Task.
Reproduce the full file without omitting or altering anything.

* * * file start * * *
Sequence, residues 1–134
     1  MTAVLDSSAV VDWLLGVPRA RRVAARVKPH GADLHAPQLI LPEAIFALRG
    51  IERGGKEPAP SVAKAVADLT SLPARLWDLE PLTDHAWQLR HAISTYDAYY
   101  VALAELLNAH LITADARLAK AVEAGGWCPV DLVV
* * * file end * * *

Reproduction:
Sequence, residues 1–134
     1  MTAVLDSSAV VDWLLGVPRA RRVAARVKPH GADLHAPQLI LPEAIFALRG
    51  IERGGKEPAP SVAKAVADLT SLPARLWDLE PLTDHAWQLR HAISTYDAYY
   101  VALAELLNAH LITADARLAK AVEAGGWCPV DLVV